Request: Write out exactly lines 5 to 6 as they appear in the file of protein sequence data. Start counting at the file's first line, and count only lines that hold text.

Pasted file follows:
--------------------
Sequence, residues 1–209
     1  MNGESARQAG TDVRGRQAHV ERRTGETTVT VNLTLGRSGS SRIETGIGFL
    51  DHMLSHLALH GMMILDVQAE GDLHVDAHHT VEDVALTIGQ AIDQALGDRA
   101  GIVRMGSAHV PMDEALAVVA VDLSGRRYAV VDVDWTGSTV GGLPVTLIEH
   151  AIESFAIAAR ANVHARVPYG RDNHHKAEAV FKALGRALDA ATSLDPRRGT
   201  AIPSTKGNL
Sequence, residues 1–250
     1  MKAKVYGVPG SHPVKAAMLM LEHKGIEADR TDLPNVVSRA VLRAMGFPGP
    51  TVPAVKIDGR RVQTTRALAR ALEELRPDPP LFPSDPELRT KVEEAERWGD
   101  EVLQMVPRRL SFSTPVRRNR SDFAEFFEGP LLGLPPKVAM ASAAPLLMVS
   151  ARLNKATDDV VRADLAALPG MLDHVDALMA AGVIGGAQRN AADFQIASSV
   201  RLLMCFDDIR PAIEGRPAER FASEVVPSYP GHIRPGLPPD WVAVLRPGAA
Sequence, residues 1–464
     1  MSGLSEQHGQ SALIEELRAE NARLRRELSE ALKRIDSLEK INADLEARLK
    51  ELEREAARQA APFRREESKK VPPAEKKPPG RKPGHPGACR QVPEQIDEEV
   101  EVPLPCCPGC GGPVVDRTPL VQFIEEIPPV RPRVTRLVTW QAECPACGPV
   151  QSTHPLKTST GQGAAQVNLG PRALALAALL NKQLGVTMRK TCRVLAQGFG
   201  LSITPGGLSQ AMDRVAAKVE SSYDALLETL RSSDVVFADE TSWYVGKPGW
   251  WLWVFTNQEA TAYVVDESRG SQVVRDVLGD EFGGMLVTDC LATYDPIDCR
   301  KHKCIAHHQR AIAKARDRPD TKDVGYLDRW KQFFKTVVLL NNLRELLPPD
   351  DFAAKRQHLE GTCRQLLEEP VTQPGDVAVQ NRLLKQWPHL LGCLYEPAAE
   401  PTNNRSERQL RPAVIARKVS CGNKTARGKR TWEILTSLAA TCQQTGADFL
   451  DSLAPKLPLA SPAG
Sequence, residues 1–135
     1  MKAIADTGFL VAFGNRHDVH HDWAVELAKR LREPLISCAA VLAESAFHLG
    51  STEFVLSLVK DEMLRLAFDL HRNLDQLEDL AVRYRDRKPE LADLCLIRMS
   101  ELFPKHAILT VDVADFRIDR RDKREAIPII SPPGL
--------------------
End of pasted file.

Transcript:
   151  AIESFAIAAR ANVHARVPYG RDNHHKAEAV FKALGRALDA ATSLDPRRGT
   201  AIPSTKGNL